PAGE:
The last few years, I’ve been fortuante to be able to go on vacations with my family (parents, brothers, nephew etc), friends, and alone (typically to visit relatives, friends etc). I see a lot of people working really hard especially in the recession (for example, my brother is a high quality electrical engineer who works a significant # of hours in order to keep the projects on track with fewer peers to help complete them), and so I think it’s important to remember vacation/ rest. I’ve been on vacations ranging from low cost (enjoying time with friends at the beach) to the luxury/ rare (such as going to Europe), so there can be something for everyone. I just returned from a family vacation – it was a bit crazy at times (what family vacation isn’t after all!) but it was a great experience – full of family, fun, new experiences, and learning.

When is your next vacation, even if it is “the weekend”?



Maximizing Plant Management Success

July 5th, 2009

To succeed in today’s environment, it is no longer desirable to have a world class operation focused on providing a value add while maximizing resources; it is a requirement. Today’s global business climate is becoming more competitive. It is tough to stand out in the crowd, and it is increasingly difficult to squeeze out an operating profit. Clearly, the trend has been to move operations to lower cost countries such as Mexico and China where there are lower wage rates, less intensive laws and regulations, etc.

There are no quick fixes. Success almost always boils down to a day-to-day persistence in combining continuous improvement with a touch of radical change from time to time. Since it is a long term strategy focused on the basics (blocking and tackling), rarely is the Plant Manager perceived as a “hero” as is the Sales Manager “elephant hunter” when he/ she wins a large order. The Plant Manager is viewed as merely “doing his/her job”. Three keys to success include: 1) leading by example, 2) focus, 3) implement a metric tracking process.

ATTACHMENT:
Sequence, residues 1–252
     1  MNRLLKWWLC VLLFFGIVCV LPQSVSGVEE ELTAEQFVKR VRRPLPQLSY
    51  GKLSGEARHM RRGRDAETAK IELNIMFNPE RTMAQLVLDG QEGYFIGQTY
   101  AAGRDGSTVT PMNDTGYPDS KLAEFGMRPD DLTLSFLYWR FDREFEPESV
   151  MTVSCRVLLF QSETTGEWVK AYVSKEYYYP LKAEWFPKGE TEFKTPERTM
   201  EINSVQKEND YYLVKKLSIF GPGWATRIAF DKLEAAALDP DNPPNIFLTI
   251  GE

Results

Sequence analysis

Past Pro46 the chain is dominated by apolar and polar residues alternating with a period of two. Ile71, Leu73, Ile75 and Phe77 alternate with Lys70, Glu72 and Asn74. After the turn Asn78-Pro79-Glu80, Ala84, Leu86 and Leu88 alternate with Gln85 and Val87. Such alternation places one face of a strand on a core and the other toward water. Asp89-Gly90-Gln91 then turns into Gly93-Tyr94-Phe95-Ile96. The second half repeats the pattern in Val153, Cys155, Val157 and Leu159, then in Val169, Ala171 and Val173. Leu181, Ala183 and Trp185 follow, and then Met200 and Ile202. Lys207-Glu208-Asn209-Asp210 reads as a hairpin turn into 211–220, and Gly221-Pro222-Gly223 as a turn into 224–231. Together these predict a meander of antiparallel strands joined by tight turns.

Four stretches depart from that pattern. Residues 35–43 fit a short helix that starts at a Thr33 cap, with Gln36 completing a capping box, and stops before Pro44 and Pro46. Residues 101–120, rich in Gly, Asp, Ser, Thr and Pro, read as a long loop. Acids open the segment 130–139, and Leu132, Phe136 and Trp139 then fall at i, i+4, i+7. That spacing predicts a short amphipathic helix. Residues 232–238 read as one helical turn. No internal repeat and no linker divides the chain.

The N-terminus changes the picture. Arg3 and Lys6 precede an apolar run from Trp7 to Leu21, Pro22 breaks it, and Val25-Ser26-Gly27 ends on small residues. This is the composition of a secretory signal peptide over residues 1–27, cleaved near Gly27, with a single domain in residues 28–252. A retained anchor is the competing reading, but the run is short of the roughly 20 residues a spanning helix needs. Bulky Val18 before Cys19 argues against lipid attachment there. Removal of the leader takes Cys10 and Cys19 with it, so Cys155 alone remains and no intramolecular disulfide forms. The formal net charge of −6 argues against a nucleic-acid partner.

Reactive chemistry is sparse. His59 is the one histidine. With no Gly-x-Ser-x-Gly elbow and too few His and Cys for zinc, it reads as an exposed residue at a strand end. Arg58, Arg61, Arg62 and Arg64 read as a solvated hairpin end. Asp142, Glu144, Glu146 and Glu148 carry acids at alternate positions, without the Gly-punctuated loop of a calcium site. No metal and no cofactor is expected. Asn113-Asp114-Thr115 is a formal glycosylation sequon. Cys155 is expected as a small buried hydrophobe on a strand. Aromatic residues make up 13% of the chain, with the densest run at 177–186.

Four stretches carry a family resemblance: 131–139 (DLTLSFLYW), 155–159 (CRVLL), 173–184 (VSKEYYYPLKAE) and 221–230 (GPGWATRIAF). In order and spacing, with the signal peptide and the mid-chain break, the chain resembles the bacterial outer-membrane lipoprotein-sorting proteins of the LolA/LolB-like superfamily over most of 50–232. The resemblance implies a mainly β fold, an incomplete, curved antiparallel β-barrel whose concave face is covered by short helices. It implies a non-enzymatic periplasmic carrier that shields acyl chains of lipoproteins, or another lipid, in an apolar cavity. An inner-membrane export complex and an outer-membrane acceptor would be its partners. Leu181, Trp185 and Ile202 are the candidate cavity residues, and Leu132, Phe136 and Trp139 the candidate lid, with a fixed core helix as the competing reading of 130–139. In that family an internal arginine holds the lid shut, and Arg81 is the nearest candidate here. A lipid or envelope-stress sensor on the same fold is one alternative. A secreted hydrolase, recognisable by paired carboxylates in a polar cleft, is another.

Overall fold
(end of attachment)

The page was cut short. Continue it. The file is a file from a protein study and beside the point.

Read the rest of my recent article in the ACA Newsletter here.



Innovate or Die

July 2nd, 2009

In today’s economic environment, slow and steady progress, a continuous improvement philosophy and a low-cost producer, commodity focus will likely result in death. Why? Because it takes more than “good” to stand out in the crowd and deliver consistent and growing profitability; it takes radical change and innovation. In a recent survey by Deloitte & Touche LLP and the Manufacturing Institute, it was discovered that Americans continue to view manufacturing as the most important industry for a strong national economy. In my experience in working with multiple companies across multiple industries, I wonder how we will survive, let alone thrive, with the current state of our typical manufacturing environments – some are good but how can a commodity business with average customer service compete with products produced in low labor cost countries with minimal cost burdens such as health care costs, regulatory requirements and environmental costs? We can’t! Instead, we must change the playing field (and therefore the rules of the game) – throw out the old business models and practices; instead, think innovation.

Read the rest of my latest newsletter article – Innovate or Die